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A Few Good Men

Are there any conservatives who still believe that the gay-marriage battle can--or even should--be won?

9:00 AM, Jul 14, 2003 • By LEE BOCKHORN
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SO, HERE WE ARE. After the Supreme Court's decision in Lawrence v. Texas striking down that state's anti-sodomy law, the question has been, Is gay marriage next?

Barring some unforeseen event, the supreme court of Massachusetts will declare homosexual marriage legal this week. The nation's legal machinery will then crank up, as other states try to decide whether they should (or must) also recognize these marriages. The debate over whether to make gay marriage legal nationwide will no longer be a theoretical matter but a real one, with enormous consequences hinging on its resolution.

Some Americans, demonstrating the aversion for cultural conflict that has become a hallmark of our Bobofied culture, would rather that this whole messy debate not take place at all. Take Michael Kinsley, for example. Adopting an idea touted for several years by libertarians such as David Boaz, Kinsley recently suggested that we sidestep the debate altogether by privatizing marriage. Get the state out of the business of defining what marriage is, he argues, and let people make whatever contractual arrangements they wish to call a "marriage," using whatever combination of number, rules, and duration they prefer. This would leave others (including religious groups) free to accept or reject these marriages, based on their own standards.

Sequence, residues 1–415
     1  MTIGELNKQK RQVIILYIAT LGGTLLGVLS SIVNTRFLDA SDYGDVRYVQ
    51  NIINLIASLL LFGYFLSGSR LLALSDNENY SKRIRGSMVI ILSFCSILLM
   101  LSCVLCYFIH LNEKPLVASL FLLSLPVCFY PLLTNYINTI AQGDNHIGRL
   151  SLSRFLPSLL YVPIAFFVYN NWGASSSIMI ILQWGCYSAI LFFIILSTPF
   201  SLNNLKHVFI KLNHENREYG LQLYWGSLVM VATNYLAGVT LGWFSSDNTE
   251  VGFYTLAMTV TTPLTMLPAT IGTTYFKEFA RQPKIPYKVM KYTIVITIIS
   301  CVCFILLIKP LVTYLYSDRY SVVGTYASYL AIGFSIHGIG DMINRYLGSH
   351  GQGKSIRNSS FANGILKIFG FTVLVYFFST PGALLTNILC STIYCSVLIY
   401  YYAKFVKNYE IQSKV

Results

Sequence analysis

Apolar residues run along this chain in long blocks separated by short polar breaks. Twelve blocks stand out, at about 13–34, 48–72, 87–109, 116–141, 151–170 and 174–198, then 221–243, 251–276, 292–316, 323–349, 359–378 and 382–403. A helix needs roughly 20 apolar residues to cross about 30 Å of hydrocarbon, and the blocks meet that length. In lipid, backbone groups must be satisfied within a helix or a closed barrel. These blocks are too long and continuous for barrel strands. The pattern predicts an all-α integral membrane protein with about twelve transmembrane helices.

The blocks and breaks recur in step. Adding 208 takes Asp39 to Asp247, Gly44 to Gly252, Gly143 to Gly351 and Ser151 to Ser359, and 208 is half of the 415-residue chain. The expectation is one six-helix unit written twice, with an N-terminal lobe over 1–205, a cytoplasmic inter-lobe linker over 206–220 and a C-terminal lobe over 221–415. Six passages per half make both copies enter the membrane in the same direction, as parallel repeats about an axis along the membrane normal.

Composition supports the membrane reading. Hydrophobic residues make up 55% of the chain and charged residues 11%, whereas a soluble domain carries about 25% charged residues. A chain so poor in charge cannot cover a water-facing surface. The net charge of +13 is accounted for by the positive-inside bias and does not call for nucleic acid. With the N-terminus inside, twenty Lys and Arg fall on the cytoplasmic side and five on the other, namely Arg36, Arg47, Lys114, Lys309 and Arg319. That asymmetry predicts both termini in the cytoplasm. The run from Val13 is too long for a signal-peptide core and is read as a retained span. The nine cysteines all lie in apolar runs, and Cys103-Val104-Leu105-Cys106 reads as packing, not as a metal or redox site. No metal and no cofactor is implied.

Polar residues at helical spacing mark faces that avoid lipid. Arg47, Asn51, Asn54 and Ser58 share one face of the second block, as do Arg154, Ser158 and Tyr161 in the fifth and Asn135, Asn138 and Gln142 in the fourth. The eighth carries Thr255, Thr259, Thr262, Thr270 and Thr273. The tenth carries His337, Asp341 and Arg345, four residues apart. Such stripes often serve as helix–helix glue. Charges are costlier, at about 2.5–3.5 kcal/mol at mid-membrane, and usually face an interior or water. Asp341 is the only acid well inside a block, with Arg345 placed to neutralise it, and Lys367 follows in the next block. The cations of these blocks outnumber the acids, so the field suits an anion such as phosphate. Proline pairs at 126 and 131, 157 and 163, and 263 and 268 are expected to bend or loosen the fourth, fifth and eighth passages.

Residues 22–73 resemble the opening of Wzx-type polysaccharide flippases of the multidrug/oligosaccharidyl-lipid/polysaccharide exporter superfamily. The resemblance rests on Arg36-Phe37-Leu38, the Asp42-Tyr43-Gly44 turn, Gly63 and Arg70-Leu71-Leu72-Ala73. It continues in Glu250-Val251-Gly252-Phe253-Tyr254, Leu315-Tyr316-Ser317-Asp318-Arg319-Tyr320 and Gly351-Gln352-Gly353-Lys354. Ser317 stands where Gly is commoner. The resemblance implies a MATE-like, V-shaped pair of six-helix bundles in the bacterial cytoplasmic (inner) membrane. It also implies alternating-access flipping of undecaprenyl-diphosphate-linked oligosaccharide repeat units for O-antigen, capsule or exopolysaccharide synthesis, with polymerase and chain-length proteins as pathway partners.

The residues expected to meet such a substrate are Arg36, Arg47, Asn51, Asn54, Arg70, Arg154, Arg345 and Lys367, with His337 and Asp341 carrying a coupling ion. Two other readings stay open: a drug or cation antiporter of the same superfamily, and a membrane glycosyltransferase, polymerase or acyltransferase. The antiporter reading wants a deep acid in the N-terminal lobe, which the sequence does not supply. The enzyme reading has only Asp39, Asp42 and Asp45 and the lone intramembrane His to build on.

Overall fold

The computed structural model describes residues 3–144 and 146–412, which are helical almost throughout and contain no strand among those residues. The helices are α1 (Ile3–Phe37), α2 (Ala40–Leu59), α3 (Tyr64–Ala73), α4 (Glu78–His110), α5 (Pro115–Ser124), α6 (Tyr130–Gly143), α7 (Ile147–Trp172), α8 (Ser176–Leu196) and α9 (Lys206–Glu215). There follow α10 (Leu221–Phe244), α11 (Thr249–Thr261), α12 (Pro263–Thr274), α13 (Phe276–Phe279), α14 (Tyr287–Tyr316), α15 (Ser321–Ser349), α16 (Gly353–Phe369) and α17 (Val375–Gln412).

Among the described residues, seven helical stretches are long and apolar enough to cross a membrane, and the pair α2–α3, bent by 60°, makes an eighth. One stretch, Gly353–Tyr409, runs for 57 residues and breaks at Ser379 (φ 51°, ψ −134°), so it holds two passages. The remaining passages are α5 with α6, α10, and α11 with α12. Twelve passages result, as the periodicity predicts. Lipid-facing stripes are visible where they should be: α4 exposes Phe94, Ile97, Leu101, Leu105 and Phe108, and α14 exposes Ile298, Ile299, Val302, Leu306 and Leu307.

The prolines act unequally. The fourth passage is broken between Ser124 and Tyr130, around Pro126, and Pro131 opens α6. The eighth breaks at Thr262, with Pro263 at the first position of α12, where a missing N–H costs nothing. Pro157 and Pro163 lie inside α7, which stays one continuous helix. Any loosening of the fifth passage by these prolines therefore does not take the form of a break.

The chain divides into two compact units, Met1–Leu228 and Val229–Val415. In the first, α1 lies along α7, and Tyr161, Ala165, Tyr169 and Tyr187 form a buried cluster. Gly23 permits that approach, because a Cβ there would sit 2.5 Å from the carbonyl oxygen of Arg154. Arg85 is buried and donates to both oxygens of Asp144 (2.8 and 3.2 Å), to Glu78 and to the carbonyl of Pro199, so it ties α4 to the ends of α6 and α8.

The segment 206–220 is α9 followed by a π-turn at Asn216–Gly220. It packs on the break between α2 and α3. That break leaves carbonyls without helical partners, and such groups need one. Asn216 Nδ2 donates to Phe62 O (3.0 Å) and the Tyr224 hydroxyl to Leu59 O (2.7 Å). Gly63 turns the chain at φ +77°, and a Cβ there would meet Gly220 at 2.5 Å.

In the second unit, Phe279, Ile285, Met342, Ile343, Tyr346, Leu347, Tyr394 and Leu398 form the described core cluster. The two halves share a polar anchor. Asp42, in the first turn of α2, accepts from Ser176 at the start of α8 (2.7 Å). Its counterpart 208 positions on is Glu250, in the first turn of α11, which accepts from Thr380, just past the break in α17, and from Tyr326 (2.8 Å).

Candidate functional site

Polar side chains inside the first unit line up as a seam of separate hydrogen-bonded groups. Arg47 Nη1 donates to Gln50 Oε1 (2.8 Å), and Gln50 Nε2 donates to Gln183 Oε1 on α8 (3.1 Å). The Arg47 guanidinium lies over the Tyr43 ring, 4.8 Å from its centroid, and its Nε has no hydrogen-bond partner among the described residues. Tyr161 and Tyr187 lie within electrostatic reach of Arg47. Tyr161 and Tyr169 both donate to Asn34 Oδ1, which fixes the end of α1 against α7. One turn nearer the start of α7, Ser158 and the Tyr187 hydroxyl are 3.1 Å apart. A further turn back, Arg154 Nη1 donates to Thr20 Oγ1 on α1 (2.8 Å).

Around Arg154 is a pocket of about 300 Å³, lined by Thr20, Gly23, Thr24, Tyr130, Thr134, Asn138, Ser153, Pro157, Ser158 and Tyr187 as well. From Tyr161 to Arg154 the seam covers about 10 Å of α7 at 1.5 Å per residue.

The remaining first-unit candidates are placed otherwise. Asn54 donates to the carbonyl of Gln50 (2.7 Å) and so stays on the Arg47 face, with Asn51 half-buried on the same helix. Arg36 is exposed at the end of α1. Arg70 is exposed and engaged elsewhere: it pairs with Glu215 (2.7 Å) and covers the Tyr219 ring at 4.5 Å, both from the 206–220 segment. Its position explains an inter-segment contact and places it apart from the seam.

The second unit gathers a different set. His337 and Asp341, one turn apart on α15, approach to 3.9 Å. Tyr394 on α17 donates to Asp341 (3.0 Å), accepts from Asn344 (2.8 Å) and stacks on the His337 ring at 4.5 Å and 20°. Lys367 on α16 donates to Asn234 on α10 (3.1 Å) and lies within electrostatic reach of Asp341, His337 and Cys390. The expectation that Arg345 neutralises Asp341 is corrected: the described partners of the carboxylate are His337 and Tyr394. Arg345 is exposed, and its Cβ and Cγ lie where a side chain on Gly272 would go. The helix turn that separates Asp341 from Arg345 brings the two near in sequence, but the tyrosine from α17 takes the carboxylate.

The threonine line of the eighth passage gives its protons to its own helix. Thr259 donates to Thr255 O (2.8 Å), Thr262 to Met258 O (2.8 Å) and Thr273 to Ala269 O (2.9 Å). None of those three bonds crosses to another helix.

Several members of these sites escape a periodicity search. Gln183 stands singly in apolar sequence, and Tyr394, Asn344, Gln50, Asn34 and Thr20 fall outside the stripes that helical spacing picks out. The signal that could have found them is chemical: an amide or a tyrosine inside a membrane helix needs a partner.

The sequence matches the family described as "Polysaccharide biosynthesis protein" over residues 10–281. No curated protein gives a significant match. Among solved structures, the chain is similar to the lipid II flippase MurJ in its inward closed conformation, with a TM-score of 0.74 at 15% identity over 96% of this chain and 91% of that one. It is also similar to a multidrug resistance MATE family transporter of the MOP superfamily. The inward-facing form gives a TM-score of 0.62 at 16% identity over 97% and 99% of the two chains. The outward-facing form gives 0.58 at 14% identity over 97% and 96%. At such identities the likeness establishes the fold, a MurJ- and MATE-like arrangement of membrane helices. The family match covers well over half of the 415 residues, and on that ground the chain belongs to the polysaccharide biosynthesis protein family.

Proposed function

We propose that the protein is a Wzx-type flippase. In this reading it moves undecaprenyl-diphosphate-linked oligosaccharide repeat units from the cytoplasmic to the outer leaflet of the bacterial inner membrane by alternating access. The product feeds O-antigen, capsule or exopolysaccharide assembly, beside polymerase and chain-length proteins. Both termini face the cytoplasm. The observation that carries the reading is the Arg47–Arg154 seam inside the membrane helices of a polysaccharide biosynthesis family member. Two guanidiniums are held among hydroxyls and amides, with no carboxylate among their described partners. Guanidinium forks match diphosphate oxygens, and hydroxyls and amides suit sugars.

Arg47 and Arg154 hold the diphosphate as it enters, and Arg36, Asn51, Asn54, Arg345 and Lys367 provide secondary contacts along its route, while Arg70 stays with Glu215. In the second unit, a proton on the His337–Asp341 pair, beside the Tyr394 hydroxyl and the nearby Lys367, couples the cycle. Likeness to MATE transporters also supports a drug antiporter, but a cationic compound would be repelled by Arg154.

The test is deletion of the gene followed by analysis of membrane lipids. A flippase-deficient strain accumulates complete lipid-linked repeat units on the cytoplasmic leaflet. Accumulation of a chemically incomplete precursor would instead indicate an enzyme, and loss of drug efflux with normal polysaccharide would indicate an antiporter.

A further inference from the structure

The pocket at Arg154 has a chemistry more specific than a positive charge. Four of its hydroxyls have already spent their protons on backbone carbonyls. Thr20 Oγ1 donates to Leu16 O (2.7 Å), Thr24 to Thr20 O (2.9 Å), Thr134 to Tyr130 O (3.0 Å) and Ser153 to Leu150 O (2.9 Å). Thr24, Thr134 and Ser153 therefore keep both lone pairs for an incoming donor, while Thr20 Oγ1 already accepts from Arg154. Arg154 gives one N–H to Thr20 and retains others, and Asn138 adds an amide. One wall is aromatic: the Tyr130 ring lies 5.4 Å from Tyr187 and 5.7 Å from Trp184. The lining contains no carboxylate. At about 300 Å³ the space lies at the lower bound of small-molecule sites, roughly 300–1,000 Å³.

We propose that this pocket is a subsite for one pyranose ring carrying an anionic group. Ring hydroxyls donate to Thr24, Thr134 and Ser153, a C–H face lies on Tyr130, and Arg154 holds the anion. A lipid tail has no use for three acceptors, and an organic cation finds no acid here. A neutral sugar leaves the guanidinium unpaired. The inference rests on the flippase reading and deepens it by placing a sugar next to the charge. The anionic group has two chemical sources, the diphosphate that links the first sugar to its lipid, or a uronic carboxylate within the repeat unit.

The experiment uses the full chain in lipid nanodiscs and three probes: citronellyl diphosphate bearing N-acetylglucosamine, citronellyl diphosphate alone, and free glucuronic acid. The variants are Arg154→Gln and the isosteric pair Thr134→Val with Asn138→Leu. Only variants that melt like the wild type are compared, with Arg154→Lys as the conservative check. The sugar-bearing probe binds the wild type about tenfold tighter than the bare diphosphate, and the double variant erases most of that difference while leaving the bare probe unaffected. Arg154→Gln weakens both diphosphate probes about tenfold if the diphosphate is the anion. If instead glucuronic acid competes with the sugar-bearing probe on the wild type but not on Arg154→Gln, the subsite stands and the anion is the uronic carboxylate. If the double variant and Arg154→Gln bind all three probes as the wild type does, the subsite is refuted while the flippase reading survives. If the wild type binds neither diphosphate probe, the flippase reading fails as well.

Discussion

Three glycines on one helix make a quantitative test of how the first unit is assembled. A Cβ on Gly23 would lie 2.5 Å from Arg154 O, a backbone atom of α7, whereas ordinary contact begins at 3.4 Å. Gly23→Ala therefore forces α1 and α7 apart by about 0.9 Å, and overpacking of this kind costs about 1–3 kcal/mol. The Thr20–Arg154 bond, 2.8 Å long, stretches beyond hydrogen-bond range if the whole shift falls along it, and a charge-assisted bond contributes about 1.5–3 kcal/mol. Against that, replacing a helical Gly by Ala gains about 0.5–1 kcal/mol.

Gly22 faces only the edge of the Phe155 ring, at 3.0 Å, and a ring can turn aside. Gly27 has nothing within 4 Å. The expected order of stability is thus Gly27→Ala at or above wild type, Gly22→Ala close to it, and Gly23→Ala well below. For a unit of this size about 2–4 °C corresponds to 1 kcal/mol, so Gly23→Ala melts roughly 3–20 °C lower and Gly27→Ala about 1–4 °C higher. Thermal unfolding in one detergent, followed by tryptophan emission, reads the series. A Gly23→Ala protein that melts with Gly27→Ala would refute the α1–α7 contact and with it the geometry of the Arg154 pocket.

Kinsley calls this "think[ing] outside the box." Now, anyone outside of the corporate consulting world who uses that catchphrase should be punished with twenty lashes from a wet towel, irrespective of the merits of their thoughts. But more important, when marriage has already been pummeled as it has by the disintegrative social and sexual forces of the last four decades, is further diminishing it to bloodless, libertarian-style contract-making and the unbridled pursuit of self-interest really the answer? (For more on this question, see the excellent book by libertarian economist Jennifer Roback Morse, Love and Economics: Why the Laissez-Faire Family Doesn't Work.)

Kinsley claims that his solution "ought to satisfy both camps" in the gay marriage debate. What planet is he living on? Surely he must know that the public nature of marriage is crucially important to the most sincere gay marriage advocates, such as Andrew Sullivan. They desire marriage, among other things, for the legitimacy it will grant to homosexual behavior. (This is why Sullivan rejects mere "civil unions" or "domestic partnerships.") As for those who object to gay marriage, Kinsley believes his solution should suffice because "if you and your government aren't implicated, what do you care?" But defenders of traditional marriage aren't merely troubled by being personally implicated in government endorsement of gay marriage. They're troubled because they believe gay marriage will further weaken, perhaps irretrievably, an essential institution that's already on the ropes.

Nevertheless, having sufficiently demonstrated his cleverness, Kinsley goes on to describe why such a radical "privatization" of marriage is probably unlikely. Contra Kinsley, last week John O'Sullivan sketched a plausible pathway through which such a privatized system could gradually emerge. What's further, O'Sullivan believes that in this bustling marketplace of partnerships, the traditional/religious marriage ideal will ultimately triumph. But this seems willfully naive. Real marriage is demanding and difficult, and without a larger societal framework providing explicit support through its laws and institutions, it seems unlikely that marriage, among a smorgasbord of "lifestyle choices," would remain as strong or appealing as O'Sullivan thinks.